Finally, I really take issue with the suggestion that what these guys (Tarantino excluded) do, filming movie after movie, playing with genres, is better somehow, more satisfying than what the eccentrics do. I agree with White that for example "the Life Aquatic" was far from perfect: yes, it was clunky in parts, the pirate thing didn't work at all, the tone was uneven, but it also had moments of pure cinematic genius in it, and I think those are the result of the maybe slow development. Maybe these perfect details need time to grow, to ripen. In any case, I doubt whether working faster and smoother, and therefore necessarily with less attention to detail, will improve the films of not only Anderson but also Russell (I {heart} huckabees was a mess, but some parts were inspired, transporting even) and PTA (though admittedly Magnolia was overlong). In fact, I think it would flatten them instead, and there are enough flat films out there already. Enough Michael Bay's, in any case.

Another filmmaker that White mentions is Spielberg, as a professional, fast worker "whose ideas and reflexes keep flowing" because he gets the opportunity - from his financial success- to jump from style to style and from theme to theme. I think Spielberg is actually the perfect counterexample to White's argument that the Eccentrics should stop being "precious" and just work faster and more. There is no doubt that Spielberg is an extrordinary filmmaker, with more talent for suspense and storytelling than maybe any other living director, a craftsman who could direct and action scene in his sleep and still make it rivetting. Lately though, his films have been burdened by more than just his obsession with absent father and overbearing mothers, by more than just his sentimental impulses. Lately, his movies have started to be less interesting, to me at least, because the jumping from theme to theme means that every one of his movies has just one main theme, usually quite a simple one, and this removes all possible depth.

Take any Wes Anderson movie, any movie by Russell or PTA or Payne or even Coppola, and they're not just filled with visual details but also all kinds of thematic excursions. Yes, Anderson's movies talk mostly about dysfunction (surrogate) families, but also about success, love and jealousy, creative ambition, etc. Payne's "Sideways", while pretty straightforward on the surface, was allowed to meander a little bit. Spike Jonze's Adaptation took on all kinds of things.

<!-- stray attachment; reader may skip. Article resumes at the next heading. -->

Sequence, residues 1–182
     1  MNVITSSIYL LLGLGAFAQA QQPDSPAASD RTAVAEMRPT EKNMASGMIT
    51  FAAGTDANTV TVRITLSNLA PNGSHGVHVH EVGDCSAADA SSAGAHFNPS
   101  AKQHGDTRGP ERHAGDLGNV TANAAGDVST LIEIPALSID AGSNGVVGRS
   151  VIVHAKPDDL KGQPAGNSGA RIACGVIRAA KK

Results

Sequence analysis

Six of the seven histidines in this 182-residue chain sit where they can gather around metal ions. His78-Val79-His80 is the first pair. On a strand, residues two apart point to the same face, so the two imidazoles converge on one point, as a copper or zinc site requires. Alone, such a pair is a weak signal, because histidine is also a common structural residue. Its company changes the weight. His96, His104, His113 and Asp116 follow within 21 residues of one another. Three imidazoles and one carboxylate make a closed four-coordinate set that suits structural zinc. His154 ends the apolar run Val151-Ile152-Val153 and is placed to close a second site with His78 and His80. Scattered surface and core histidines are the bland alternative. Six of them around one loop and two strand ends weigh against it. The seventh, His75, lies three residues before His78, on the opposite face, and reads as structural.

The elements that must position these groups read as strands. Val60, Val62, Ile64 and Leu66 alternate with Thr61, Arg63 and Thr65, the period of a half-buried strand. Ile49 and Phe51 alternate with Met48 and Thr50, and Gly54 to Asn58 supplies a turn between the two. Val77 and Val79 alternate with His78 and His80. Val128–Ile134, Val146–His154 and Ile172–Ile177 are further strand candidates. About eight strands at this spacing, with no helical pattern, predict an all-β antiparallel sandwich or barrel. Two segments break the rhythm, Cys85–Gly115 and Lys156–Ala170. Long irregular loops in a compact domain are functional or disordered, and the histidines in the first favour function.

"The Terminal" or "War of the Worlds"? Not so much. Munich restricted itself to even a single message, and one not as wise or enlightened as it apparently thought it was: "An eye for an eye leaves everybody blind", well, yeah, we knew that. (Just as an aside, I greatly admire Spielberg's refusal to take a side in this film, when both sides are angry at you you're doing something right, but I just didn't think the film was all that interesting. Plus, it had MAJOR perspective issues). I'll still go see any new Spielberg movie because he is so good at making things compelling, because he knows better than anyone how movies work (although he apparently still doesn't get that happy endings can just be wrong, and even if he's apparently still uncomfortable with sex scenes), but I'm more interested when I hear about a new Wes Anderson or Sofia Coppola or Tarantino project, because I know that while it will probably be flawed, it will be fascinating.

It's unfortunate, of course, that we have to wait so long every time, but I think it's rather worth the wait. I'm still waiting for the new Dave Eggers too, after all. Meanwhile, we can just watch the AmEx ad over and over again.